Reducing the tax on Christmas

Entertaining and providing gifts at Christmas time to staff, customers and suppliers is a cost of doing business.  However, there are some important FBT, GST and income tax considerations and outcomes.  

As an employer, you need to be careful at what you provide at Christmas.  The rules are complex and the costs of getting it wrong can prove very expensive.

We will outline some of the more common scenarios and what to be careful of.

Under-pinning the implications are the following key points:-

  • Christmas parties, entertainment and gifts are all treated under entertainment tax rules.

  • FBT applies to benefits given to employees.

  • There are no FBT implications on entertainment and gifts given to customers, clients and suppliers.

  • There are three methods under which an employer can quantify the taxable components of any entertainment expenditure – in fact there are 38 permutations depending on who is entertained where, how and with whom.  We will largely address the actual method which is the one used by most small businesses (as it usually results in the best outcome).  It is beyond the scope of this briefing to address the 12 week log method and we will only touch upon the 50/50 method where relevant.

  • Christmas comes but once a year and to the best of my knowledge and experience does so on 25th December.  Nevertheless, the ATO treats Christmas parties and gifts as being what are called minor, infrequent and irregular benefits.

  • Such minor benefits are FBT exempt where they cost less than $300 (including GST) provided the actual method is used to quantify entertainment.

The Christmas party

Where entertainment is calculated under the actual expenditure method (which is the most common method for small businesses):-

  • If a Christmas party is held on-site on a work day, the whole cost for each employee will be an exempt fringe benefit.  So too will the spouse’s cost provided the cost per spouse is less than $300.  No income tax deduction can be claimed for the cost of the party including that in respect of any family members that may attend.  Taxi travel to or from the workplace (not both ways) will be exempt from FBT and not tax deductible.

  • If a Christmas party is held off the work premises, then the whole cost will be exempt from FBT provided the party costs less than $300 per person (employees and their spouses).  No income tax deduction can be claimed for the cost of the party including that in respect of any family members that may attend.

  • If an external Christmas party costs more than $300 or more per person then the total cost is subject to FBT.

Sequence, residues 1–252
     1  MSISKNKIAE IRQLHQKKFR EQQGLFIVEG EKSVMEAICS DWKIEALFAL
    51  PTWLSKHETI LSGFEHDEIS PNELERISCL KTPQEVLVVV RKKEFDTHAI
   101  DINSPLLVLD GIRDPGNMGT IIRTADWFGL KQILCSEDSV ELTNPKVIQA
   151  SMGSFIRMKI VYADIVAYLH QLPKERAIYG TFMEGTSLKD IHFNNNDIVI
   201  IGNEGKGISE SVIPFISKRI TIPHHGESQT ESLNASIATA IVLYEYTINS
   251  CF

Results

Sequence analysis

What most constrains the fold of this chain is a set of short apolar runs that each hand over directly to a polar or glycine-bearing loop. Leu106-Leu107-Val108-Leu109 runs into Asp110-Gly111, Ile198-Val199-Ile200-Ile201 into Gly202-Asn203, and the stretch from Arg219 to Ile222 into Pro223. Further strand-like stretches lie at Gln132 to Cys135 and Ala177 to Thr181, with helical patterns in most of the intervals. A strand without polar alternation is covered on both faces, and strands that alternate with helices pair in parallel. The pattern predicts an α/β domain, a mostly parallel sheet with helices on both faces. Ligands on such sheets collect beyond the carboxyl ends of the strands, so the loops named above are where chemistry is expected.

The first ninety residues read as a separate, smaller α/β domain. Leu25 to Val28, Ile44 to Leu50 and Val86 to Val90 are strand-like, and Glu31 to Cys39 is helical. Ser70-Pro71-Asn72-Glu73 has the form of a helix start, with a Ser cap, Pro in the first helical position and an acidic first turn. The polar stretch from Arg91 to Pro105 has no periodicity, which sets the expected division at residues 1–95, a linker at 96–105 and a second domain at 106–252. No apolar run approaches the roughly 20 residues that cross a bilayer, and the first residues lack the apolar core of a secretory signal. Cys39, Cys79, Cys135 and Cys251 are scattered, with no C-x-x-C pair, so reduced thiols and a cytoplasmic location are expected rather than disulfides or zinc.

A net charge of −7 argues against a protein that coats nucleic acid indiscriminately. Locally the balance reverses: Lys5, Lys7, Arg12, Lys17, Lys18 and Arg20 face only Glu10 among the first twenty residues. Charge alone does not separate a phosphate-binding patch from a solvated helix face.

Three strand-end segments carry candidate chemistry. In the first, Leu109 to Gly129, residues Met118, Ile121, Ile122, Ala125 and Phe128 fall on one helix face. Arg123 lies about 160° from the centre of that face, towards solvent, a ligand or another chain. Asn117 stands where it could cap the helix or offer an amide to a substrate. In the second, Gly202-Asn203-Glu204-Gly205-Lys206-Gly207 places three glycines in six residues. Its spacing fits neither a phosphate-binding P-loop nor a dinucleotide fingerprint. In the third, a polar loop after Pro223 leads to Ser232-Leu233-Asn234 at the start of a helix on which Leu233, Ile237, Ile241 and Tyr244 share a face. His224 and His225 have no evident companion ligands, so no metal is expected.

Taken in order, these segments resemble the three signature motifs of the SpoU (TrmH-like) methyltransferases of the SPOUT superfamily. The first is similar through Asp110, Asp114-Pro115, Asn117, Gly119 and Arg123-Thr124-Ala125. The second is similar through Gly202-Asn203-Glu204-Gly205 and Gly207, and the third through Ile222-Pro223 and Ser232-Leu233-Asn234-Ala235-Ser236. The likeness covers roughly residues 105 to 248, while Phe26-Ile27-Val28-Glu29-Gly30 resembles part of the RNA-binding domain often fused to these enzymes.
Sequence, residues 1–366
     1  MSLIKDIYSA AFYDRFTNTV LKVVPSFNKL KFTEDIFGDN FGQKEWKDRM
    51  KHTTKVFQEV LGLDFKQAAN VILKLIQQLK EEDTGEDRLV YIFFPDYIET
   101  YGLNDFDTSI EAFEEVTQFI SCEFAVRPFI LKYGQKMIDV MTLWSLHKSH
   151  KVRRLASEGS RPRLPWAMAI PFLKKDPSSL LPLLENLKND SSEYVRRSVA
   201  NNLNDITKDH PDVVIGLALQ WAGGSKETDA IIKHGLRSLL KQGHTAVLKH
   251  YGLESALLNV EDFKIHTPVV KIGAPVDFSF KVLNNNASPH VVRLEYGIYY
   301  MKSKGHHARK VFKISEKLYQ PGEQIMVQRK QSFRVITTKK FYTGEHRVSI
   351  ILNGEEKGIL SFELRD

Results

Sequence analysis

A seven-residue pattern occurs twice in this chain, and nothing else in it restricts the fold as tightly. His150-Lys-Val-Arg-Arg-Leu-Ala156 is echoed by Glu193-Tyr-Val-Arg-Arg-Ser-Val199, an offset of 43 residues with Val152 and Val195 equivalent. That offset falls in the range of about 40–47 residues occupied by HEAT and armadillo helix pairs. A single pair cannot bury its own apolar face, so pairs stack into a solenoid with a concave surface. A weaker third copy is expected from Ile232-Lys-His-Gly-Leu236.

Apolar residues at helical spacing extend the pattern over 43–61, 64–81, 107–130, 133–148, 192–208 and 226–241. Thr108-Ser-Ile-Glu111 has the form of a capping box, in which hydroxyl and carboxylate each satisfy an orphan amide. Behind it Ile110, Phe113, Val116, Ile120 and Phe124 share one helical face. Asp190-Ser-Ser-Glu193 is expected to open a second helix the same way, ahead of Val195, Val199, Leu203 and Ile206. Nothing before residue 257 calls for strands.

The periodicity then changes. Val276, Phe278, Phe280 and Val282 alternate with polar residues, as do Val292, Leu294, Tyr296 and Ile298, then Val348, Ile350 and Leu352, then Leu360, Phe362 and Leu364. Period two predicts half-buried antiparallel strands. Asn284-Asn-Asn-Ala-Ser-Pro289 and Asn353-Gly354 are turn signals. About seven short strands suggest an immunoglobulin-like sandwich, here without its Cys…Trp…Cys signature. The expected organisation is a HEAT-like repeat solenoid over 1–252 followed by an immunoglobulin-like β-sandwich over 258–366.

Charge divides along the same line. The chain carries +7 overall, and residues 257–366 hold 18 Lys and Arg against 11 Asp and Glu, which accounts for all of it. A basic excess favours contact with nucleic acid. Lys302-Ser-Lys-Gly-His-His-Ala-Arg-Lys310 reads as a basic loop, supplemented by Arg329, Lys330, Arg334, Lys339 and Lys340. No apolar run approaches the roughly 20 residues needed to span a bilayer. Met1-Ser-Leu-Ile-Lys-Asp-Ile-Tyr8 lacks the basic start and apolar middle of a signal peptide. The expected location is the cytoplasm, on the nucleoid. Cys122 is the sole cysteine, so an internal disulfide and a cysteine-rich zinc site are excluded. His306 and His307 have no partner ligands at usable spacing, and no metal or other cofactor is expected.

• The cost of any entertainment provided during the party (whether that be at the work premises or outside) will be exempt if it costs less than $300 per head – for example a DJ, musician, clown and comedian.

  • The cost of entertaining clients, customers and suppliers is not subject to FBT and is not tax deductible.

  • If any exemption is exceeded then FBT is payable.  Consequently, an FBT Tax Return must be lodged and FBT paid (the FBT tax rate being the same as the top marginal tax rate).  Please keep this in mind when completing the 2018/19 FBT Questionnaire in early April 2019.

  • All other entertainment during the year will be subject to FBT on a case by case basis.

Where entertainment is calculated under the 50/50 method:-

  • 50% of the cost will be subject to FBT and this portion will be tax deductible.  The other 50% will not be subject to FBT and will not be tax deductible.  An FBT Tax Return must be lodged and FBT paid.

  • Only taxi travel from home to the venue will be FBT exempt and not deductible for tax.

  • 50% of all other entertainment during the year will be subject to FBT.

Gifts

The following gifts are exempt from FBT and are tax deductible:-

  • Hampers, bottles of wine, gift vouchers, a pen set costing less than $300 (inclusive of GST).

The following gifts are subject to FBT and are not tax deductible:-

  • Tickets to a sporting event or theatre, holiday, accommodation, etc.

The GST treatment of gifts is:-

  • The GST component of any tax deductible portion can be claimed back.
  • The GST component that relates to the non tax deductible portion can’t be claimed.

Please do not hesitate to call us should you have any queries.

Can your business benefit from JobMaker

JobMaker is an additional incentive which was announced in the October Federal Budget.  Employers will be paid a generous incentive which take on additional young employees between October 2020 and October 2021. 

JobMaker payments will be paid quarterly and will start from February.

Payments will made for up to 12 months from an employee’s start date.  This means entitlements run through to September 2022 for those employees employed as late as September 2021.